Still, in the months leading up to the shuttering, some advocates for the homeless said the mayor was rushing to empty the shelter, possibly for its redevelopment potential, and thus risking the health and safety of the remaining families. The advocates called on Bowser to delay demolition work on the D.C. General campus until all the families could be relocated. Work on a vacant building on the campus was stopped after lead was found in nearby soil.
Neither advocates nor D.C. councilmembers appear to have received a heads-up about the specific timing of the closure from the administration. A staffer for D.C. Council Chairman Phil Mendelson says his office was not notified in advance about the event, though a staffer for Ward 1 Councilmember Brianne Nadeau, chair of the human services committee, notes that Bowser’s team had recently indicated D.C. General would close by the end of October.
In a statement, Nadeau says the closure is “an important milestone, but there’s still a lot of work to do when it comes to families experiencing homelessness.” “We must push ahead with opening the remaining short-term family shelters, and prioritize affordable housing across the District to ensure homelessness is rare, brief, and non-recurring,” Nadeau continues.
The administration is also thinking about the future. Laura Zeilinger, the head of the city’s Department of Human Services, says the end of D.C. General is “absolutely monumental,” but adds that families are spending more time in the shelter system than expected under the “Homeward DC” plan to eliminate long-term homelessness. “The metric for us that’s been so stubborn is ‘brief,’” says Zeilinger. The average length of stay for a family in the District’s shelter system is about seven months currently, according to the department.
Officials are aiming for a 90-day average for stays at the new shelters. “We might not get there out of the gate, but that’s the goal,” Zeilinger explains. “Our exits [from the system] are outpacing our entires month over month over month.” More than 450 homeless families reside at hotels today, but that number is lower than what it was around this point last year and is anticipated to decrease even further once all the replacement shelters have opened.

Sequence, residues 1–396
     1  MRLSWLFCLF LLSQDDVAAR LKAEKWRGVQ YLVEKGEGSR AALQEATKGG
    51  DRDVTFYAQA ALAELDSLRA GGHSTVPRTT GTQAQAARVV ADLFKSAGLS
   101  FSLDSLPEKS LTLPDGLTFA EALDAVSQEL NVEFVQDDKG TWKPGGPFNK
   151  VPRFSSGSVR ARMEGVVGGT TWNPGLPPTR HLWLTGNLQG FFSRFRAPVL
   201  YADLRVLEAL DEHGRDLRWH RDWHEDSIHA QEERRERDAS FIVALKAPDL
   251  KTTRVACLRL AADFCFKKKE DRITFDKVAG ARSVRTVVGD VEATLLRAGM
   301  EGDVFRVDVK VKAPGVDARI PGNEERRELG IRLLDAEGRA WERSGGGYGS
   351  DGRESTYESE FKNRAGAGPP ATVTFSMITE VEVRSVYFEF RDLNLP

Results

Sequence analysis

Asked why residents did not see more fanfare for the long-sought closure of D.C. General, Zeilinger says the administration’s emphasis is on being “forward-looking.” A spokeswoman for Bowser’s office declined to comment on the record about why the event was so low-key.
Officials plan to demolish the main D.C. General building next year. As for what the site will become, a spokeswoman for Deputy Mayor for Planning and Economic Development Brian Kenner says in a statement that her office will “work with the community to implement” the master plan for Reservation 13, the massive plot of land on which the former shelter stands.
For more than a decade, District leaders have sought to redevelop Reservation 13, which is located along the Anacostia River and near the Stadium–Armory Metro station. The master plan calls for “a beautiful public place that links the existing neighborhood to the waterfront while also meeting District-wide and neighborhood needs for health care, recreation, civic space, and housing.” The Council approved the planning document back in October 2002.
“Given the size of the property,” the spokeswoman says, “this will likely occur in phases, similar to the process currently being followed at St. Elizabeths,” the Southeast campus where D.C. is building a mixed-use development and opened its Entertainment and Sports Arena. “We look forward to engaging with the community and D.C. Council on this process.”